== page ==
‘(c) to have regard to any relevant plans and strategies published by any relevant rail infrastructure manager.’.
The Committee will have noticed that amendment No. 36 and amendments Nos. 38 and 39 in clause 9, which I think we will have a chance to discuss later on, are very similar.
Just prior to lunch, the Minister was asking exactly how we formulated the amendments and how much outside help we had received. I have to acknowledge that here we are grateful for the briefing from Network Rail. Only on these amendments and on one other group have we received significant help and not managed to formulate the proposals ourselves. The purpose of these measures is to ensure that when developing transport plans and policies, local authorities have regard to the policies and plans of those charged with operating the rail network.
The concept is fairly simple. A significant proportion of travelling is done by rail—people and goods, travelling in and out and through local areas, and within local areas, by train. The rail network transcends local authority borders and in a number of examples is not operated and managed by local transport authorities. However, at the beginning and end of train journeys, users obviously rely on transport services put on within and by the local authority. Those services are partially governed by plans, so that represents integration. The new integrated transport authorities, which I will come on to, will have an obligation to consider integration across all modes of transport. It makes sense, therefore, that local transport authorities should consider that as well.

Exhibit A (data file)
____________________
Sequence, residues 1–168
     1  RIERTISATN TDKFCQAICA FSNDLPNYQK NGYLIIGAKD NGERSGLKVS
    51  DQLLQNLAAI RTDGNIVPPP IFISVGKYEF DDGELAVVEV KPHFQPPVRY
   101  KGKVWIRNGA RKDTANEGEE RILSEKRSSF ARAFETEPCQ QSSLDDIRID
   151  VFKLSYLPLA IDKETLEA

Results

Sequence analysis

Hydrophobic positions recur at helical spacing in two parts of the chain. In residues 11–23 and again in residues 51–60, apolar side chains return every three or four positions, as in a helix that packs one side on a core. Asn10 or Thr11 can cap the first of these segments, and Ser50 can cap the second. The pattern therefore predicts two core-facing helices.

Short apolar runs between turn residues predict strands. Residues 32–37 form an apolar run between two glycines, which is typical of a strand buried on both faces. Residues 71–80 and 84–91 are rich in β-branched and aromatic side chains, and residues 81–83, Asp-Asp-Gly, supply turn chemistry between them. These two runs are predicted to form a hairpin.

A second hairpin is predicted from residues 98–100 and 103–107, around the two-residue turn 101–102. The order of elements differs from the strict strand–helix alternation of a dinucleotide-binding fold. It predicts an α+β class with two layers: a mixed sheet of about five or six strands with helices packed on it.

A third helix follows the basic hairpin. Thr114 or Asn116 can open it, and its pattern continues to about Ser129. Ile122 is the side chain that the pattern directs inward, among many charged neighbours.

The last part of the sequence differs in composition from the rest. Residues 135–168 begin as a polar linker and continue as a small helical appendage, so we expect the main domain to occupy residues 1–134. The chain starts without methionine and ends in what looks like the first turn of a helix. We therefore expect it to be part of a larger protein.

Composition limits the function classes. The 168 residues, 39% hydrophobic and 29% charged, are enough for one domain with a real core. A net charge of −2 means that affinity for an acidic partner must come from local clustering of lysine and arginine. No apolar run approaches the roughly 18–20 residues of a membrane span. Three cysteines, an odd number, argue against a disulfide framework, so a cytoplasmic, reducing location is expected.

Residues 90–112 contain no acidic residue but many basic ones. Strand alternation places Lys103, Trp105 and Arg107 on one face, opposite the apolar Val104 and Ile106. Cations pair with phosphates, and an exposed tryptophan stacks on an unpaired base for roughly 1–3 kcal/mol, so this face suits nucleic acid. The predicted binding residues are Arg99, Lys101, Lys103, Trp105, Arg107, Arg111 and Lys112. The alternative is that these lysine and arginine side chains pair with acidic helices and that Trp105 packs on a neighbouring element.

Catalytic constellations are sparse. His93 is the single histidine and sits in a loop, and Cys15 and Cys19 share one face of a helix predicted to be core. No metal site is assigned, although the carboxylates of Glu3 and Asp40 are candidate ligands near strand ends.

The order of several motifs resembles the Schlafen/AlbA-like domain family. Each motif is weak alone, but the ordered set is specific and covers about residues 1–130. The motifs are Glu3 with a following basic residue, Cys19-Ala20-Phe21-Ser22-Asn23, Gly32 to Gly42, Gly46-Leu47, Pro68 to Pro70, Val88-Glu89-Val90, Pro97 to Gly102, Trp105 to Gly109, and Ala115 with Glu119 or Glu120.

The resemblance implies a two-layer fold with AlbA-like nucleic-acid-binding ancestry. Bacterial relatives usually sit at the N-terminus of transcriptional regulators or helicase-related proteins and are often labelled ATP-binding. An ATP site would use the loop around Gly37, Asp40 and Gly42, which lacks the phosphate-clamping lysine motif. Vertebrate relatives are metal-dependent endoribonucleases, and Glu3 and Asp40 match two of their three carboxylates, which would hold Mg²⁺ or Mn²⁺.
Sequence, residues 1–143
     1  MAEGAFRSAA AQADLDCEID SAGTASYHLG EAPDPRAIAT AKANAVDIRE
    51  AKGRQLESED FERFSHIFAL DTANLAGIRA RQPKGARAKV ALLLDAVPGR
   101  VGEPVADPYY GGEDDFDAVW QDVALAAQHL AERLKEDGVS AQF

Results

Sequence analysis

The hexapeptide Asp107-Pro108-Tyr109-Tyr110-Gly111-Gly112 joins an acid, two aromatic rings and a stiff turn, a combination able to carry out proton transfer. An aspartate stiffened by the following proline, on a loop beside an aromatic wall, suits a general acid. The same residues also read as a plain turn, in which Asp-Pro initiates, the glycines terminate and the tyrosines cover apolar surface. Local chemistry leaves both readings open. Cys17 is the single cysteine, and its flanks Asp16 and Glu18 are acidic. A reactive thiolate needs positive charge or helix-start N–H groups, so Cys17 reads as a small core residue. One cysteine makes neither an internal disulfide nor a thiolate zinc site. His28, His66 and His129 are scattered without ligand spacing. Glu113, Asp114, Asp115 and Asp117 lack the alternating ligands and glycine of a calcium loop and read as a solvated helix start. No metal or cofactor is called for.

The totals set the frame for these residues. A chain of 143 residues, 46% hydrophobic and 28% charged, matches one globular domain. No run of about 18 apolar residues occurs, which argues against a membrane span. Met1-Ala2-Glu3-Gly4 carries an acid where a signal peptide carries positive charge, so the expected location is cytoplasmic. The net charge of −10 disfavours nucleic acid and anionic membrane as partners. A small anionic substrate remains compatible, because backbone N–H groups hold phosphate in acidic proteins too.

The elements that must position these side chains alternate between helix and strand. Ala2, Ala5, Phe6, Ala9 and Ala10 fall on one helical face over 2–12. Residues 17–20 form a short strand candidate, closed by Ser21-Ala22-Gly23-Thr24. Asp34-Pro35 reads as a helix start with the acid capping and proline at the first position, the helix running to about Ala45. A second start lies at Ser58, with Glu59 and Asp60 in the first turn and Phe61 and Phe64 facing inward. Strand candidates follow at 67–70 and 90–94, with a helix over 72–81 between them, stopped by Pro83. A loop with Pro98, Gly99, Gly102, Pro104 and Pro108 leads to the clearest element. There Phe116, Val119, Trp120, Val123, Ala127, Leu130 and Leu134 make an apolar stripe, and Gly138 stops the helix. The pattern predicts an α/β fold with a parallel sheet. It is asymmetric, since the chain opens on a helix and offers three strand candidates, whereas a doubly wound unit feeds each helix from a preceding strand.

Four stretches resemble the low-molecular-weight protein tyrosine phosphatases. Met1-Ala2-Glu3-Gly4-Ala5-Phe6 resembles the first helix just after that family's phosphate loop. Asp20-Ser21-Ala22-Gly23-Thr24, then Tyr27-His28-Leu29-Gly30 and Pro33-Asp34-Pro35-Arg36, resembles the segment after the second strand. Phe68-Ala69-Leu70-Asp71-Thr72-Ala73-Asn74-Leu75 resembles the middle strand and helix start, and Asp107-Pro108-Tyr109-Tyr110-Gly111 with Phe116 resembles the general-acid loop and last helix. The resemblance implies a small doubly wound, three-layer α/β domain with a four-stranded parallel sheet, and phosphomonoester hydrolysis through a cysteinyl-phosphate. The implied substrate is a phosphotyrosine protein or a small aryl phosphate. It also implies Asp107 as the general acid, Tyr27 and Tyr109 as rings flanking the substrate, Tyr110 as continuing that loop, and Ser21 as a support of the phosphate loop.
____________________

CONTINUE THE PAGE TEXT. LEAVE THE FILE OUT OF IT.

The amendment would ensure that local transport authorities had “regard to” the plans and strategies provided by any rail infrastructure manager. My understanding and reading is that “rail infrastructure manager” also covers operators. The amendment would place an obligation to consult or have regard; no duty would be placed in respect of developing the whole plan or policy, or to put into the plan what the rail network told them to include. I do not see the duty to consult and to have regard as an onerous burden on local authorities; it is a question of consultation.
I believe that “relevant rail infrastructure manager” is the right definition. It is defined in statutory instrument No. 599—the Railways and Other Guided Transport Systems (Safety) Regulations 2006—which covers Network Rail, train operating companies, both passengers and freight.
The amendment refers to “relevant plans and strategies”. I mean that and I think that most people’s common understanding of it means Network Rail’s route plans and utilisation strategy. Those set out current capacity, passenger and freight demand, passenger and freight demand trends, operational performance cost and projections as to how the future requirements of rail users and funders should be met. Therefore, those rail utilisation strategies should inform the thinking and the consultation process.